3.4. A Toy Example to Clarify the HHCS Procedure
The details of the proposed hierarchical optimization can be further clarified with the following example concerning the approximation of a simple piecewise linear function consisting of 4 different linear models:
The training set derived from this function is shown in Figure 2: 50 points per hyperplane, for a total of 200 points, are randomly sampled using (17) and a small perturbation by white Gaussian noise is also added in order to have a realistic data set.
The HHCS procedure starts with one rule and the hyperplane clustering is uniquely initialized in this case, since all patterns are initially assigned to the unique hyperplane. Its final determination, after the convergence of clustering, is represented in Figure 3. Assuming no network tuning is performed in this example, the splitting procedure illustrated in Section 3.3 is applied to the sole hyperplane that will be removed from the ANFIS network. More precisely, the patterns belonging to the hyperplane (i.e., all the training set in the case ) are separated according to the sign of projection (16) along their principal direction. The resulting initialization of hyperplane clustering for is shown in Figure 4, where the patterns associated with the new generated clusters are represented by crosses and circles, respectively. They are used for the first estimation of the hyperplanes, which are also evidenced in Figure 4.
The hyperplane clustering gets trapped in a local convergence in this case. In fact, the final determination of hyperplanes illustrated in Figure 5 is obtained after a few iterations and they are really similar to the initial estimate in Figure 4. In spite of this, the HHCS procedure continues and the hyperplane with negative slope will be split because it marks the largest local approximation error (13). After the splitting procedure, the initialization of hyperplane clustering for is obtained, as illustrated in Figure 6. The patterns belonging to the split cluster are separated into two subsets similarly to the previous case. Obviously, the patterns associated with the other cluster are not involved in the splitting procedure.
Also in this case, there is a fast but local convergence to the configuration evidenced in Figure 7, which is similar to the former initialization. A hyperplane is then selected for splitting in order to obtain the initialization of HCS illustrated in Figure 8 for the next HHCS iteration with . The convergence of hyperplane clustering is slower and accurate in this case and it yields the final configuration shown in Figure 9 where the linear components of (17) are well modeled now.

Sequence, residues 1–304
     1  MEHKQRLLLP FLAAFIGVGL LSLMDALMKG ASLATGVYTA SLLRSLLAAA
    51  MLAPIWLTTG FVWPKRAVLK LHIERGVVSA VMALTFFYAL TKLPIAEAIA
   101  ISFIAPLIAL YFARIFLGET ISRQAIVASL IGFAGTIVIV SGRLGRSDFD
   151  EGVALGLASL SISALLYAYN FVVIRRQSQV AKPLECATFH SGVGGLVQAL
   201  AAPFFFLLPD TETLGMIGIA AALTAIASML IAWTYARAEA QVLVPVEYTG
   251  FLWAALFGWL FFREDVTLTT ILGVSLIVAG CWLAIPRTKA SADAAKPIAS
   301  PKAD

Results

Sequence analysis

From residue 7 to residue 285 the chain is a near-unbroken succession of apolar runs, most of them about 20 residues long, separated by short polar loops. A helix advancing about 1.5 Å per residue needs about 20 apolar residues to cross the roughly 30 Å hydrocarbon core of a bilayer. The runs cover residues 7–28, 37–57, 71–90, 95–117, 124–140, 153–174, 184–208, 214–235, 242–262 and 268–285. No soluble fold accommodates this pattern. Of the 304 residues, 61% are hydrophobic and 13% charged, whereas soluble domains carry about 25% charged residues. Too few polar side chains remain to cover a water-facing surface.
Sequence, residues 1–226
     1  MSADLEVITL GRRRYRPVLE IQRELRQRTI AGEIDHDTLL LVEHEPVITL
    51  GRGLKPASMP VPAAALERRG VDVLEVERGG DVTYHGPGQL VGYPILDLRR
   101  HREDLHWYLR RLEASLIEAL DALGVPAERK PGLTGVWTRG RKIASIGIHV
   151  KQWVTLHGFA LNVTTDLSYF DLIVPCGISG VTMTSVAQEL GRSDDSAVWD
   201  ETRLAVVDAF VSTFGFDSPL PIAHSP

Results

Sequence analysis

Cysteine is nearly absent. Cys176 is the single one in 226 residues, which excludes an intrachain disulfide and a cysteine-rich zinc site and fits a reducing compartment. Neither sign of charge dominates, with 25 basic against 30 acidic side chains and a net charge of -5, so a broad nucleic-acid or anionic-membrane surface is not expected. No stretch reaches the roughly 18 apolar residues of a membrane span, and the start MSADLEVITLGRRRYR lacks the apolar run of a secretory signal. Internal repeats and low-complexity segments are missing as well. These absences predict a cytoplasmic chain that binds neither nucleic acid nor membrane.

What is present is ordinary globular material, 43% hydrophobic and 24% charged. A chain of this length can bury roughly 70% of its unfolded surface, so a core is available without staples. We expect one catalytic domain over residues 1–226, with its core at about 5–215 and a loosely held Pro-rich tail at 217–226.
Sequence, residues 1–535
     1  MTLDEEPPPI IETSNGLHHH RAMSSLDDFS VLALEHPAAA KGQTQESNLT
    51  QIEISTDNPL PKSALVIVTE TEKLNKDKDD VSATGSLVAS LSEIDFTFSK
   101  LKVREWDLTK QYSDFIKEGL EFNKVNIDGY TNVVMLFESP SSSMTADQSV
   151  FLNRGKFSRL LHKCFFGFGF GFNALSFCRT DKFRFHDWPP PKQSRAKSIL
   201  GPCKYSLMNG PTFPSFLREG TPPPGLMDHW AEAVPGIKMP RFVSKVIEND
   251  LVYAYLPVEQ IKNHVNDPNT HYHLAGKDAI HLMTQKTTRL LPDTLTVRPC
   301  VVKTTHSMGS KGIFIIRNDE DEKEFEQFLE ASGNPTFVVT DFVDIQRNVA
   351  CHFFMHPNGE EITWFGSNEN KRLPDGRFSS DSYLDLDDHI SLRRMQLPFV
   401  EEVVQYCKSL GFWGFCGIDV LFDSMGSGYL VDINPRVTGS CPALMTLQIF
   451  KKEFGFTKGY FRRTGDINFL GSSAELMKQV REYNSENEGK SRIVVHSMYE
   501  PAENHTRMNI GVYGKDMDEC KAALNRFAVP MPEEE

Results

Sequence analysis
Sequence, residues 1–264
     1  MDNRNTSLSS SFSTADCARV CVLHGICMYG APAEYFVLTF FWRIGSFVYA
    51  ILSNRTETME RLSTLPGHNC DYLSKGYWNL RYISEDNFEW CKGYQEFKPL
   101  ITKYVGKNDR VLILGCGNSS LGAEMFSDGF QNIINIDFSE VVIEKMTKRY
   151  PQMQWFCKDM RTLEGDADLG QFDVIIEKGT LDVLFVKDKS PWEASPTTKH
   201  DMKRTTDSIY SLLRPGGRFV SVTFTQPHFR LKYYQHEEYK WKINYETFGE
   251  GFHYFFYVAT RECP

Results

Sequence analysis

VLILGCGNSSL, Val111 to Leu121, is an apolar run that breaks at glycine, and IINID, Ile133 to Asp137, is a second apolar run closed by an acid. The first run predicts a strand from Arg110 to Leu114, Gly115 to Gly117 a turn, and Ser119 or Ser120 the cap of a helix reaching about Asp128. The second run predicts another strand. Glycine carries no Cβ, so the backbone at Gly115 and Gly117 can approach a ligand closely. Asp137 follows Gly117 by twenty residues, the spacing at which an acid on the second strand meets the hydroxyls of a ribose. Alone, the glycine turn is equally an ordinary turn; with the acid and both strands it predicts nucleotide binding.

Finally, the global approximation performed by the ANFIS network obtained by the HHCS procedure with 4 rules is illustrated in Figure 10. The plotted function is obtained using a test set of 35000 patterns uniformly sampled in the input space, , , , and determining the corresponding outputs using (2).
3.5. Computational Remarks
When dealing with the hyperplane-based synthesis of ANFIS networks, a number of considerations can be taken mostly pertaining to the inference of rules’ antecedents from the consequents associated with the hyperplanes and to the fine tuning of ANFIS parameters after the HCS procedure. For example, when the nonlinear functions to be approximated are quite complicated, the number of HBs generated by the Min-Max classifier is often larger than the number of hyperplanes determined by the hyperplane clustering. Thus, a same hyperplane induces several HBs in the input space and can approximate patterns belonging to well-separated regions of the input space, each associated with a different HB.
Furthermore, a tuning procedure of ANFIS parameters can be applied after every HCS procedure or, alternatively, to the optimal ANFIS network only. A simple tuning step is considered in this paper, it is applied after every execution of the HCS both in OHCS and HHCS procedures. The coefficients , , , calculated during the hyperplane clustering are updated by a fuzzy least-squares solution of a set of linear equations, which are obtained by using the training set and by setting to zero the derivatives of the MSE (11) with respect to every unknown : where denotes the average over subscript and
What is more important to remark is that HHCS allows the structural optimization of ANFIS networks and this is obtained by controlling the computational cost. Moreover, the increasing complexity of networks during training makes HHCS structurally constrained, similarly to other deterministic annealing or entropy constrained approaches [38–40]. In other words, overfitting due to the presence of outliers in the training set can be prevented when is low, ensuring robustness with respect to noise in the function to be approximated.